This month, guest blogger Michelle Matte, CSCS has been discussing diabetes in recognition of American Diabetes Month. We started with a general overview to increase awareness about diabetes. We then focused on Managing Type I and 2 Diabetes through Exercise and Nutrition and Diabetes. Today we will discuss Children and Type II Diabetes Mellitus.
Facts About Kids and DM 2
Not many years ago, Type II Diabetes Mellitus, or DM 2, was known as adult-onset diabetes because it was rarely seen in children and young adults. But recent statistics reveal an alarming rise in the incidence of DM 2 in younger populations. According to the International Society for Pediatric and Adolescent Diabetes (ISPAD), the median age of the onset of Type II DM in children is 13.5 years. The disease is more prevalent in children of African, Native American, Mexican and South Asian descent. The American Diabetes Association estimates that 208,000 Americans under age 20 have diagnosed diabetes.
At the Heart of Things
Lifestyle and dietary habits play a significant role in the early onset DM 2. Low levels of physical activity coupled with improper nutrition are key triggers. ISPAD recommends intensive lifestyle interventions, including physical activity that leads to improved exercise capacity, weight loss, decreased consumption of total calories and calories from carbohydrates, and education for the entire family. Unless the family is on board, it is difficult for a child to make major lifestyle changes.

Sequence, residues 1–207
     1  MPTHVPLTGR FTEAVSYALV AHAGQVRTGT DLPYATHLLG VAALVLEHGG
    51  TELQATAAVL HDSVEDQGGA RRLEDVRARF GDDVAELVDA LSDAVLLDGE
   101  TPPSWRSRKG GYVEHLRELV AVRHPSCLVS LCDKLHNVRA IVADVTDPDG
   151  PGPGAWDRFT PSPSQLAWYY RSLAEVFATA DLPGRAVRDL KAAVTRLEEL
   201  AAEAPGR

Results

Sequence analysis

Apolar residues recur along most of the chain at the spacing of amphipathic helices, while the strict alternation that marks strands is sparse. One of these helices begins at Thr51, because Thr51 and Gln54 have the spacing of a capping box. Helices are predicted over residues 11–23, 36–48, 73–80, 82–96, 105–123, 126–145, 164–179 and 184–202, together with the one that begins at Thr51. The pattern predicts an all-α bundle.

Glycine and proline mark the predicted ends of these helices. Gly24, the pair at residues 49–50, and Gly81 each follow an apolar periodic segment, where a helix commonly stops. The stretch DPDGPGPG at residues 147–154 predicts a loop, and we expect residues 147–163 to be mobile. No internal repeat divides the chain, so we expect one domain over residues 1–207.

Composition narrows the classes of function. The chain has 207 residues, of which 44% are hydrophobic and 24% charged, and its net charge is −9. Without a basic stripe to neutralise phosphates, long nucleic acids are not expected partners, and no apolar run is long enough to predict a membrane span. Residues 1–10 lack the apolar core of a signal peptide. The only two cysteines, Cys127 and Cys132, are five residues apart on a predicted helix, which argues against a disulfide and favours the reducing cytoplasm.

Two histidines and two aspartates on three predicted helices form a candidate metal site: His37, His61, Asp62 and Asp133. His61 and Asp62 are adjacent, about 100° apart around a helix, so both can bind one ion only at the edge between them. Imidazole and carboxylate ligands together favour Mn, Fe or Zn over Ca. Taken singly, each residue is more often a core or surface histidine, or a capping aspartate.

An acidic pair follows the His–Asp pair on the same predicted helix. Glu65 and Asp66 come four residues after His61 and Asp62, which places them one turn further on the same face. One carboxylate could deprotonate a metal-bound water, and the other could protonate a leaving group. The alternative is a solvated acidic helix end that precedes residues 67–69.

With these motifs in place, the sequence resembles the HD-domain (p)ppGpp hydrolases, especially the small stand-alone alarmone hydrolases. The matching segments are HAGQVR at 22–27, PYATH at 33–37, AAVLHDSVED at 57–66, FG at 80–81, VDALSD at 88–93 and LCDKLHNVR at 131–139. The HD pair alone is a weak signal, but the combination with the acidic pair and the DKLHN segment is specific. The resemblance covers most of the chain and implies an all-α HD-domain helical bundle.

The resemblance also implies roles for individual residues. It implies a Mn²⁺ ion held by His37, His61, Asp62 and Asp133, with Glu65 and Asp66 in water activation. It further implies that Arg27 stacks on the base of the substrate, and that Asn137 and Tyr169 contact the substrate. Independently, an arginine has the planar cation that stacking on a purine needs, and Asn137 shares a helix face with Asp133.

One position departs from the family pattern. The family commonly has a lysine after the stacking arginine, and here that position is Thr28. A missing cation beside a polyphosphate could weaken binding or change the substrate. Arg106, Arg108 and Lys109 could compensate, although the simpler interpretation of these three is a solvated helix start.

Physical activity is critical for treating and preventing DM 2 in children. Yet children with DM 2 are often overweight or obese, and may feel reluctant to engage in team sports or school sponsored activities. The National Diabetes Education Program, or NDEP, recommends a program that begins with walking, and strategies that increase activity throughout the day, like taking the stairs instead of the elevator. NDEP encourages a gradual increase in exercise duration and intensity, coupled with weight loss. The goal is for children to engage in 60 minutes of moderate to vigorous physical activity each day.
Nutrition Strategies for Reversing DM 2
Making nutritional changes can be a challenge at first, because it may require letting go of habits that are a part of your regular daily routine. Eliminating sugary beverages, including juice and soda, is a good place to start. Encourage children to drink plenty of fresh water. Include several daily servings of fresh fruits and vegetables, and reduce the consumption of bread, pasta, rice and corn. Discourage snacking and junk food, and identify high risk scenarios, like snacking while watching TV or using the computer.
ISPAD Clinical Practice Consensus Guidelines 2014 Compendium: Type 2 diabetes in the child and adolescent.
American Diabetes Association: Statistics About Diabetes.
National Diabetes Education Program: Tips for Kids: How to Lower Your Risk for Type 2 Diabetes.